The rise of Europe's far right

As a backlash against immigration grows, ultra-right parties are gaining adherents across Europe. How strong are they?

Marine Le Pen
(Image credit: Pascal Le Segretain/Getty Images)

As a backlash against immigration grows, ultra-right parties are gaining adherents across Europe. How strong are they? Here's everything you need to know:

What do these parties stand for?

Far-right parties have been gaining across the EU for several years, as nations that were once nearly entirely white and Christian have absorbed large numbers of Muslim immigrants from the Middle East and North Africa. These parties are right wing in a very European sense: They tend to be nationalistic, favoring promotion of Christian values and strict limits on immigration, but also support a strong welfare state for native Europeans. Their overarching theme is that the benefits of a country should go to the Europeans who were born there and pay taxes there, not to newcomers. In last year's elections to the European Parliament, the EU's legislative body, far-right parties gained enough seats to have their own bloc, which gives them access to EU funding. Led by Marine Le Pen of France's National Front, the group includes the Dutch Party of Freedom, Italy's Lega Nord, and the Austrian Freedom Party.

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Why now?

Lots of economic and cultural insecurity. The euro financial crisis involving Greece, Italy, Spain, and Portugal struck just as Europe was faced with a mass influx of people from the Middle East and Africa seeking asylum, as well as movement from poorer EU countries to richer ones. Since the global economic crash of 2008, employment throughout the EU has jumped from under 7 percent to nearly 11 percent, and most countries cut benefits. Even in such traditionally tolerant and liberal countries as Sweden and Germany, many people began to feel their country was being asked to take in foreigners while citizens were making do with less. Then, too, immigration has visibly changed some of Europe's oldest cities. Paris had to ban street praying because hundreds of men were spilling out of overcrowded mosques and setting up prayer rugs blocking streets and sidewalks. In Malmö, Sweden, where just half the population is ethnic Swedish, crime has soared as rival immigrant gangs battle one another and police.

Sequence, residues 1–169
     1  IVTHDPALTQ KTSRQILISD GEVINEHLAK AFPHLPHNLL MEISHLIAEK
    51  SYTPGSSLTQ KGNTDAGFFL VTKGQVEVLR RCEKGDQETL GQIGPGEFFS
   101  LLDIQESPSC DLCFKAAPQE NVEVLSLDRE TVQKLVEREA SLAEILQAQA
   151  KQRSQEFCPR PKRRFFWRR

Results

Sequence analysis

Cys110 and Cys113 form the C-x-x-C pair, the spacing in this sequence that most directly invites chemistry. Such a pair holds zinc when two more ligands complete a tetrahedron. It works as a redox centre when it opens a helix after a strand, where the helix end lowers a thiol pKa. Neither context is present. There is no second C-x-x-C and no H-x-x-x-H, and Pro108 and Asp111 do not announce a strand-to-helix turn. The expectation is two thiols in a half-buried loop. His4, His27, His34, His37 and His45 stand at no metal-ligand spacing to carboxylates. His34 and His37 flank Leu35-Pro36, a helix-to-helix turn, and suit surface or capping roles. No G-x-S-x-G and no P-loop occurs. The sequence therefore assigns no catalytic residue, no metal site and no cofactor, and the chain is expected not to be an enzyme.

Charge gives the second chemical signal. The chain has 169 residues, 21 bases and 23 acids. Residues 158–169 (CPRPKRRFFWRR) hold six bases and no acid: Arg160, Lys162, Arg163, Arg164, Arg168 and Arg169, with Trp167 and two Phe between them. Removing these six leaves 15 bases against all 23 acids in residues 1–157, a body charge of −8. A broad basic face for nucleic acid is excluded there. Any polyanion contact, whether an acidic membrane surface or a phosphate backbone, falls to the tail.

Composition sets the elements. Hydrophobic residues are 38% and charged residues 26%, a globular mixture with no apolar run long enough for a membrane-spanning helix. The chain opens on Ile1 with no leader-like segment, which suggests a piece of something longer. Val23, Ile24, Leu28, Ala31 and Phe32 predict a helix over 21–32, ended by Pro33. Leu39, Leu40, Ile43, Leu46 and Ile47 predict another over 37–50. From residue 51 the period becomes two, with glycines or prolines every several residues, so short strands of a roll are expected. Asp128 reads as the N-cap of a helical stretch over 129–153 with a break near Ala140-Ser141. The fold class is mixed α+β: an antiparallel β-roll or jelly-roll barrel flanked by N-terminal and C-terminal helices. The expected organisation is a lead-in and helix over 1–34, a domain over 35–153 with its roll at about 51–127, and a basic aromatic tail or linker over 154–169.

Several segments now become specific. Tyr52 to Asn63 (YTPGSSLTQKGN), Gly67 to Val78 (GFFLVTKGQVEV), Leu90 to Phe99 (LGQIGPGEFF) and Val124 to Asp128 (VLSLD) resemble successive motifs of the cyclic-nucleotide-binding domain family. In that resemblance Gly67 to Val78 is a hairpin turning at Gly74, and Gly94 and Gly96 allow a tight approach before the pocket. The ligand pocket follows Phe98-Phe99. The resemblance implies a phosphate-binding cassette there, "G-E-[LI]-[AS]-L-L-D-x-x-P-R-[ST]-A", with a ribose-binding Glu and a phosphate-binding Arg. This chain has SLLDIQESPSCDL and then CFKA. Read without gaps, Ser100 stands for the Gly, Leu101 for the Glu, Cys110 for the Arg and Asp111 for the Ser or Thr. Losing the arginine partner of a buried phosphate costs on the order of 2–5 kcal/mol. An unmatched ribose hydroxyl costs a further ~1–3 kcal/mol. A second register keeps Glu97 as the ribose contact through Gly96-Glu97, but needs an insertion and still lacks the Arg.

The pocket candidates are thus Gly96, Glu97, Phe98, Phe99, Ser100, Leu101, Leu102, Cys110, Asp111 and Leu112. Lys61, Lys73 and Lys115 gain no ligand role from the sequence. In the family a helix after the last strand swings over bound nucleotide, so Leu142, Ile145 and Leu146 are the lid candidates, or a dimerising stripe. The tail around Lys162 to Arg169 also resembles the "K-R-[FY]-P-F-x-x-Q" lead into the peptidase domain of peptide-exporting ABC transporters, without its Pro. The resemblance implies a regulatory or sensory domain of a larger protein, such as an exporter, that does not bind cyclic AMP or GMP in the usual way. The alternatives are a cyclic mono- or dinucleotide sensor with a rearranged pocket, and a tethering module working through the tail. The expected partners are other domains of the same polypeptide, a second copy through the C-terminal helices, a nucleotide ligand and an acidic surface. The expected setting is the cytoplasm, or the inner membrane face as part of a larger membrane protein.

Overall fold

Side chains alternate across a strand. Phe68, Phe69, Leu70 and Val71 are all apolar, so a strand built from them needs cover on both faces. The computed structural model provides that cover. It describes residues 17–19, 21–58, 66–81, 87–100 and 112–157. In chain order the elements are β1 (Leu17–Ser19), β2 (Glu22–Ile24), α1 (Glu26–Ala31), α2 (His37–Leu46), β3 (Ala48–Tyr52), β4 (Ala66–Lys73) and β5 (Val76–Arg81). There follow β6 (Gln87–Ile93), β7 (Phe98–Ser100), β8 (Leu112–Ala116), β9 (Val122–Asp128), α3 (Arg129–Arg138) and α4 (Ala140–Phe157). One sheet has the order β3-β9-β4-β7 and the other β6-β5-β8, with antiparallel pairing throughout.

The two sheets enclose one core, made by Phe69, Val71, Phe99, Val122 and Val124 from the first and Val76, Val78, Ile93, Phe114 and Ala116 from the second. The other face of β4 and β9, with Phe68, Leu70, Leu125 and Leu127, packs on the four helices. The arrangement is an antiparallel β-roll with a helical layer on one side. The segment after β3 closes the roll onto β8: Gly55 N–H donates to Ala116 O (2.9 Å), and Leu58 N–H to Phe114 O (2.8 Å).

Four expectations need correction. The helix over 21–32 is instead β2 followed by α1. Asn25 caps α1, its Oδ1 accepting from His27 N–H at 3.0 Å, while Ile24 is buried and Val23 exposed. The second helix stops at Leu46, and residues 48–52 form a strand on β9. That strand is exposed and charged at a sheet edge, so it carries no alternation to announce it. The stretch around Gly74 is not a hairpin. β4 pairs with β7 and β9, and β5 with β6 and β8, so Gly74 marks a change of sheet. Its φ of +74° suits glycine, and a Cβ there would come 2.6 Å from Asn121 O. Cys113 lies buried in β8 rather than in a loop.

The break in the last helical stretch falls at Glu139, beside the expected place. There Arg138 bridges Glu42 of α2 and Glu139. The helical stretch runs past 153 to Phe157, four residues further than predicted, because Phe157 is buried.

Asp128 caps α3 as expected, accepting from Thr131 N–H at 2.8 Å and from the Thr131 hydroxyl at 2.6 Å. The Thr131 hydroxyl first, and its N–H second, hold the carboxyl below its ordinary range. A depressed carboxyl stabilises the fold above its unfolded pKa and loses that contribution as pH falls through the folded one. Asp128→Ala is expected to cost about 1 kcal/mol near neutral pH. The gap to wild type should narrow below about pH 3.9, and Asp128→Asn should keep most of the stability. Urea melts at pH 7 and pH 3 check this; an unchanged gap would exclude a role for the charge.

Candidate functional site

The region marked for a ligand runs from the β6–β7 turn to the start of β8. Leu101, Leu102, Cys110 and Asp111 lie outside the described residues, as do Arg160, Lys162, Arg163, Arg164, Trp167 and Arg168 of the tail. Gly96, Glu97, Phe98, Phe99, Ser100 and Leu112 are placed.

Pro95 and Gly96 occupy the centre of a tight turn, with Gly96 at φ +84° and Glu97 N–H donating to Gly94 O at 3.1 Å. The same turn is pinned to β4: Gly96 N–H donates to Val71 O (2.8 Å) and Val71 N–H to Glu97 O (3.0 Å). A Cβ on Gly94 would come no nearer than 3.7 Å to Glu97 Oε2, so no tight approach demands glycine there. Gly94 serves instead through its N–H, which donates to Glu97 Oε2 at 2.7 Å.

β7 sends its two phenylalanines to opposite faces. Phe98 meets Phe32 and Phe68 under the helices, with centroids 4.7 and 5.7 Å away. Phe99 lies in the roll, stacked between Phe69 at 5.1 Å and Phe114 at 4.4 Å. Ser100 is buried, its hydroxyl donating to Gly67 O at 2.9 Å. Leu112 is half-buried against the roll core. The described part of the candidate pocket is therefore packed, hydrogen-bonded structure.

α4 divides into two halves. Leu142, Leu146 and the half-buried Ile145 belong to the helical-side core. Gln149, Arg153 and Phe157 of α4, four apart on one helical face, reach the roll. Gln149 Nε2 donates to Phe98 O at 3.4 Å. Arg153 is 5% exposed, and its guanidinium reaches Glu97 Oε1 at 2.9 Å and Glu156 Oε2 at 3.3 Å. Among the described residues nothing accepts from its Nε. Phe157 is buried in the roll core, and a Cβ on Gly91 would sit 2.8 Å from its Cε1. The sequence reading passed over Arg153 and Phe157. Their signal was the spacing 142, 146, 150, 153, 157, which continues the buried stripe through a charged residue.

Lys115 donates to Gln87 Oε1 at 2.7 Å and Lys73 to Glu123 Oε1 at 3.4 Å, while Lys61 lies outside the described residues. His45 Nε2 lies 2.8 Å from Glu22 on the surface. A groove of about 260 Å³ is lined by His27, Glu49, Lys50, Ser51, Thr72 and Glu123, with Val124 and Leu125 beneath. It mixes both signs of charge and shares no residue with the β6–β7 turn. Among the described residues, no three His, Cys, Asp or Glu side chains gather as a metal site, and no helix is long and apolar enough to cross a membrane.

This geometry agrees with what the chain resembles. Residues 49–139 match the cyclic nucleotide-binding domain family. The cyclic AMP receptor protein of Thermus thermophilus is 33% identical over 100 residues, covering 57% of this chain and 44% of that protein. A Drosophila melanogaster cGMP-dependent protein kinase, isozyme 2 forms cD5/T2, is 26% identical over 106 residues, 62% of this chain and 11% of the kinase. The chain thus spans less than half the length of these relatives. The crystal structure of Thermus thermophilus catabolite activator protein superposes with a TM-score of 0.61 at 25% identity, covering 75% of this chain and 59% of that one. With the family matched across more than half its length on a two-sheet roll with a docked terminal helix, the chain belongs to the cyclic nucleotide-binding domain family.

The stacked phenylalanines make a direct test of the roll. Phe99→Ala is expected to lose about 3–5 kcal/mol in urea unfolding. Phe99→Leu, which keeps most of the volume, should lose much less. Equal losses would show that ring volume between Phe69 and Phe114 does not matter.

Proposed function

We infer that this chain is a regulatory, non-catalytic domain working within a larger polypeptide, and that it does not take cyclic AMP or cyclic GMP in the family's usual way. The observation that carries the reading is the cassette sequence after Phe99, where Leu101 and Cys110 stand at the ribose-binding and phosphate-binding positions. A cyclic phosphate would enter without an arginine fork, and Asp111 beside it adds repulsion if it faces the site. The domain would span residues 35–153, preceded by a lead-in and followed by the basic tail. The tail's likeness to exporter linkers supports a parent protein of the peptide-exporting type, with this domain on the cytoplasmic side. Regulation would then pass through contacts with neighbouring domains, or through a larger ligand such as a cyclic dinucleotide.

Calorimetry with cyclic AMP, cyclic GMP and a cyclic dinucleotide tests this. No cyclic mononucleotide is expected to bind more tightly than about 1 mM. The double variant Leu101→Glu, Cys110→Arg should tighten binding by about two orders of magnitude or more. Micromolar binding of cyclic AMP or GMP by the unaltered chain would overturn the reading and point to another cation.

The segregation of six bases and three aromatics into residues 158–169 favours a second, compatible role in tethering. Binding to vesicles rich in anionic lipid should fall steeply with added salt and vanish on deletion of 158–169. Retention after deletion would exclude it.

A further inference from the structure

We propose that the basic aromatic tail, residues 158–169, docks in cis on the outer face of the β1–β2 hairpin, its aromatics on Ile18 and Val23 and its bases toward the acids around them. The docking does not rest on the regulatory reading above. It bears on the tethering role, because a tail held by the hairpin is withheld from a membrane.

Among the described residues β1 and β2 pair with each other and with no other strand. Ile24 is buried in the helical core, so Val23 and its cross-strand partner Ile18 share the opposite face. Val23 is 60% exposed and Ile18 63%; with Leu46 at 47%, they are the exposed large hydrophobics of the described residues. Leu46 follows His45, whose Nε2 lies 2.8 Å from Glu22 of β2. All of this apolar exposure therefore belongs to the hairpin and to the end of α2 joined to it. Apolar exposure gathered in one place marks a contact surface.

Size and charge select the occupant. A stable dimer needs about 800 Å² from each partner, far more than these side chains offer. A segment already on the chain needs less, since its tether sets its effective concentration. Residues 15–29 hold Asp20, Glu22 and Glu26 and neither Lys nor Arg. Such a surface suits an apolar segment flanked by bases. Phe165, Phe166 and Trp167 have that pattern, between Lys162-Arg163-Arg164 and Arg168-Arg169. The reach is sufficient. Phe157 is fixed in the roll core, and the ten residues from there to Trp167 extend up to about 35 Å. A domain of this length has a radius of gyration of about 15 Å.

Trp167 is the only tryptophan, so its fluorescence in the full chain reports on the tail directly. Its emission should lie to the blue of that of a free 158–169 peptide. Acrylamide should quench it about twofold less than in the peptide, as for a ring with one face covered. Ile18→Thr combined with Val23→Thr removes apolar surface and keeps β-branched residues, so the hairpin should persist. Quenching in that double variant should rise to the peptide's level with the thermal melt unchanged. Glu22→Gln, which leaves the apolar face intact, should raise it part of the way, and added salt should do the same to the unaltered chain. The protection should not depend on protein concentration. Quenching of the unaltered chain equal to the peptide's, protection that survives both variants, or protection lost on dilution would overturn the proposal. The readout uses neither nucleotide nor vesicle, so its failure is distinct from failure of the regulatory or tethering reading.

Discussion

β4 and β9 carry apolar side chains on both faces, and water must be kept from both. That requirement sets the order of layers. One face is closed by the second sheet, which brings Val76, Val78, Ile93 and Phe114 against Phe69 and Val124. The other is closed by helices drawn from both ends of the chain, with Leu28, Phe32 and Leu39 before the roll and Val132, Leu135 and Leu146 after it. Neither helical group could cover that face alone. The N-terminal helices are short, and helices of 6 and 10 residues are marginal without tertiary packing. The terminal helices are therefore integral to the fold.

How has Sweden reacted?

Sweden long prided itself on its generous asylum policy, welcoming twice as many refugees per capita as any other Western country. In 2014, for example, the country of 9.5 million took in more than 85,000 people, mostly Muslims from Syria, Iraq, and Somalia. But the new arrivals' failure to assimilate has sent voters stampeding to the right. The Sweden Democrats, a once-reviled party with roots in neo-Nazism, took 13 percent of the vote in last year's election to become the third-biggest party in Parliament, mostly on a campaign to halt immigration. Over the summer, as the flood of refugees pouring into Europe dominated headlines, the popularity of the Sweden Democrats soared, and now they are the most popular party in Sweden, with more than 25 percent support.

What about Germany?